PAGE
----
Studying the George Soros: Breaking the Bank of England

 Studying the George Soros: Breaking the Bank of England

George Soros is one of the legendary investors who many traders follow and idolize even to this day. He is a widely popular fund manager that has broken the Bank of England.

Even though his investment philosophy has gathered controversies and criticisms over the years, Soros remains as one of the heads of the investing elite. In fact, he has been named in 1981 by a magazine as “the world’s greatest money manager.”

The George Soros Philosophy

There is a lot to learn about George Soros’ investing philosophy.

For starters, Soros is a short-term speculator who makes huge, highly leveraged trades following the direction of the financial markets.

He uses a strategy that the markets call the “global macro strategy” which revolves around making massive, one-way bets on the movements of currency rates.

But this strategy or philosophy doesn’t only consider currency rates. It also takes into consideration commodity prices, bonds, stocks, derivatives, and other assets with the use of macroeconomic analysis.

The Reflexivity Strategy

Soros uses a strategy that is called reflexivity.

First, he studies his targets and let the movements of the broader financial markets and participants dictate his bets.

In this strategy, there really isn’t any equilibrium-based market environment, which tells us that all available information regarding the stock or asset is reflected in its price.

Rather than that, Soros believes that the market participants themselves directly drive the market fundamentals.

Also, irrational behaviors tend to lead the bullish and bearish movements of the market which presents investment opportunities back to the participants.

How he Broke the Bank of England

As we have mentioned, George Soros is most popularly known as investor who broke the Bank of England.

That day is also called the Black Wednesday. To be specific, it was on September 16 , 1992 that Soros did the deed.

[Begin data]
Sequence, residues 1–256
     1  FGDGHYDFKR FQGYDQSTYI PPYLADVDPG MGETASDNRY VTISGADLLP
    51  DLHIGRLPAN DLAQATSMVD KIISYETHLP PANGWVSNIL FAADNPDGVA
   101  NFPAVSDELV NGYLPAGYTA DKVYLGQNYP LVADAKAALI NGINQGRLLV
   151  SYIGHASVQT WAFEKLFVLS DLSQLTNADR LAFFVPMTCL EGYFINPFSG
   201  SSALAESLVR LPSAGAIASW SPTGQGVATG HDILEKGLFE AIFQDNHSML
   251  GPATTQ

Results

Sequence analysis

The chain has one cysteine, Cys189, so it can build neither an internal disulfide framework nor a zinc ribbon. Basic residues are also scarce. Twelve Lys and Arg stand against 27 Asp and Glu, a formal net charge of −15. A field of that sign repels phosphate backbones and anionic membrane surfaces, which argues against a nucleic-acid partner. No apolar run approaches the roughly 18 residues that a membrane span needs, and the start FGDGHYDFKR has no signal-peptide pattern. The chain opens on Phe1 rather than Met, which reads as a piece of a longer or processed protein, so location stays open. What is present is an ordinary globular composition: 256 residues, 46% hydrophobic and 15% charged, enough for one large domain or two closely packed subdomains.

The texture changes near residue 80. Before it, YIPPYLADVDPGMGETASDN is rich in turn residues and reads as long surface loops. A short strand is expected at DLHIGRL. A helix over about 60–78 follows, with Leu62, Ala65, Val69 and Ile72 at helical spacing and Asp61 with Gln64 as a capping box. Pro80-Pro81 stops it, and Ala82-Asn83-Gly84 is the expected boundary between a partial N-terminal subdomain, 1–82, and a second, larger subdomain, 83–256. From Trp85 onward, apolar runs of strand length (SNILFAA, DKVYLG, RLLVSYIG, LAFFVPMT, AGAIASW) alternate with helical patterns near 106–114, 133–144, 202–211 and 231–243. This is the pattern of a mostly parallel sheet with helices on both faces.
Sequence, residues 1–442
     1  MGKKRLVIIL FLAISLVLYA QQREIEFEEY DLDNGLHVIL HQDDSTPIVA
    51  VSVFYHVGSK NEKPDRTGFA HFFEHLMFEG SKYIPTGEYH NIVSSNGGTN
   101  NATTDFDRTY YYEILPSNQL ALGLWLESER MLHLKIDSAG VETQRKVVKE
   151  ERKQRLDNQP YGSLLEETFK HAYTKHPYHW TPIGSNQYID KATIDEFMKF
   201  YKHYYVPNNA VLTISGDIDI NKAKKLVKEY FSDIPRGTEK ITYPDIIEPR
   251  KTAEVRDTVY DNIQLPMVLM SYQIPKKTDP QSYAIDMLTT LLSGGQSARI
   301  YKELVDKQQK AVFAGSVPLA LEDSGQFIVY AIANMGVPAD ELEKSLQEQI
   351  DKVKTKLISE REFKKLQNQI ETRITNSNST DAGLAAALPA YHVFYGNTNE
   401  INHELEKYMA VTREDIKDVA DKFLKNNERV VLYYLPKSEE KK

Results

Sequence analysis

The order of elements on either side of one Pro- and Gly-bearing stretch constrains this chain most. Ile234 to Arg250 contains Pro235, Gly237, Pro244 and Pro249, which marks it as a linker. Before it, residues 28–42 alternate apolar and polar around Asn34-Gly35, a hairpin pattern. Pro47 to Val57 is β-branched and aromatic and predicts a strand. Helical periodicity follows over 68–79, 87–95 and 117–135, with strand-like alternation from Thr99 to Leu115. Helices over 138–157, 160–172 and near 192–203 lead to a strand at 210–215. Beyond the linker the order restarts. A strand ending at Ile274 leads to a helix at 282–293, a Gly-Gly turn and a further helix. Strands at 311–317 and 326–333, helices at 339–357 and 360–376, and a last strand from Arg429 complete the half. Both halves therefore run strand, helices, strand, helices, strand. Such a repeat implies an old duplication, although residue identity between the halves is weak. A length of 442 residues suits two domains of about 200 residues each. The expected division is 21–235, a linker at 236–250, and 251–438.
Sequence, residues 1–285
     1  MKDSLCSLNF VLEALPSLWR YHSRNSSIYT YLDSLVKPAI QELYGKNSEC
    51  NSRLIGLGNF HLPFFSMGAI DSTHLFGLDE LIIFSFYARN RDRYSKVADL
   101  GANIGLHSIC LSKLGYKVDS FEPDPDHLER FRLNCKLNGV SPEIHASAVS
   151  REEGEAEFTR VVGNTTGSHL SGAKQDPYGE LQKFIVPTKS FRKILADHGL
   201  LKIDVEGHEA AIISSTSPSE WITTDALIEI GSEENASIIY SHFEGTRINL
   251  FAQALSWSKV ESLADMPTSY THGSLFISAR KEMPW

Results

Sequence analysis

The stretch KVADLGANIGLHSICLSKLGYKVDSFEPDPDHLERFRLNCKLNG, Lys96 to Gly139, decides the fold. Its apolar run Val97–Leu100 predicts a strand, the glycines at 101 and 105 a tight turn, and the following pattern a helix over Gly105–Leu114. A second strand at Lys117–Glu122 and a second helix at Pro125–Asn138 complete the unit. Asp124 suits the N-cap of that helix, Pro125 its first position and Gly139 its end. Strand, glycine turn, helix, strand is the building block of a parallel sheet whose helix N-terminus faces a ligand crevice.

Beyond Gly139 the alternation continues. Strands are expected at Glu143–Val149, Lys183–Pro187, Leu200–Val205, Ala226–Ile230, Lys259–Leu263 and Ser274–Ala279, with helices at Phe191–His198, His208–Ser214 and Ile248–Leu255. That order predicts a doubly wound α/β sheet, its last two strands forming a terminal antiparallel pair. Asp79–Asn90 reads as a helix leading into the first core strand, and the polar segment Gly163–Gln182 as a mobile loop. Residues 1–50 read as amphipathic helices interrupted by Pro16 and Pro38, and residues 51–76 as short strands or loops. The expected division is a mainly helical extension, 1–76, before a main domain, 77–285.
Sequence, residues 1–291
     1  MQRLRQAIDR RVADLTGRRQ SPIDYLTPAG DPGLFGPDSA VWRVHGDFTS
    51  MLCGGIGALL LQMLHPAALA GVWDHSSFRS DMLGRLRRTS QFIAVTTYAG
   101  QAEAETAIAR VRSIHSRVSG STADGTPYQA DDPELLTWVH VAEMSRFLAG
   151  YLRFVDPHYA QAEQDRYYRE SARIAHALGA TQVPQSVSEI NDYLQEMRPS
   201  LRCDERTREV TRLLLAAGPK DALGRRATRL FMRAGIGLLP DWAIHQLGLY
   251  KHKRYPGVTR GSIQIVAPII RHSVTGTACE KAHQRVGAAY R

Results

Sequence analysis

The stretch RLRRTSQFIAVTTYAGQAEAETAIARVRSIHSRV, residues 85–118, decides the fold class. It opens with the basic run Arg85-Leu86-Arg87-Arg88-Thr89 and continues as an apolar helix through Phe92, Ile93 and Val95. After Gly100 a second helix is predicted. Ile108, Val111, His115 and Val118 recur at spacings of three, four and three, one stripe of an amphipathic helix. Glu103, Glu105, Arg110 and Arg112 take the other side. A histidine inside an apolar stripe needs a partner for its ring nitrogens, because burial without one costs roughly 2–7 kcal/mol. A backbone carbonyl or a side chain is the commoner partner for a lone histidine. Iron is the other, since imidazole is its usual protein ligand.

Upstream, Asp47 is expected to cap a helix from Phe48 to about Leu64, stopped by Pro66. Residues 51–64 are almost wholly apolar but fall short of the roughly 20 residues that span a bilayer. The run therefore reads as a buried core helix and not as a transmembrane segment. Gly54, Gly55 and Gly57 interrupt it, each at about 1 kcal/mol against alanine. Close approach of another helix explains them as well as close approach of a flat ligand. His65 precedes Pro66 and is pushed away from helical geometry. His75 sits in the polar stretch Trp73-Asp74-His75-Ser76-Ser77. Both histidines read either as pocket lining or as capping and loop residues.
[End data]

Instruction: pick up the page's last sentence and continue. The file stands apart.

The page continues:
He simply bet enormous amounts of money against the British pound. And his trade was correct, so he raked in tons of money.

After the second World War, many countries wanted find security in the economies of each other. This resulted in the European Union, which didn’t adopt the euro until 1999.  Before the EU, there was the ERM.

Exchange Rate Mechanism and the British Pound

In this system, counties fixed their exchange rates to each other instead of letting them float. Britain joined the ERM agreement in 1990.

In 1992, the fixed exchange rate system showed signs of defects. The British pound traded in unsustainable levels, and to support it, the British pound helped prop it up.

Then, reports came out that the British pound could be one of those currencies to be under great pressure. Over in New York, Soros’ Quantum Fund had been building a $1.5 billion short position that anticipated the fall of the pound.

The fund continued to build its short position until the pound was trading in dangerously low levels. Then, the Bank of England decided to continue its pound buying program to initiate an uptick in demand.

However, it didn’t work.

What came after was a hike in interest rates, where the 10% key rate was raised to 12%. But this didn’t stop the pound’s plummet. More and more investors and funds offloaded their pound holdings.

This led to later that night, when the Bank of England exited the ERM and said that it would float its currency in the open market.

And that was how George Soros broke the Bank of England.

Daniel Donn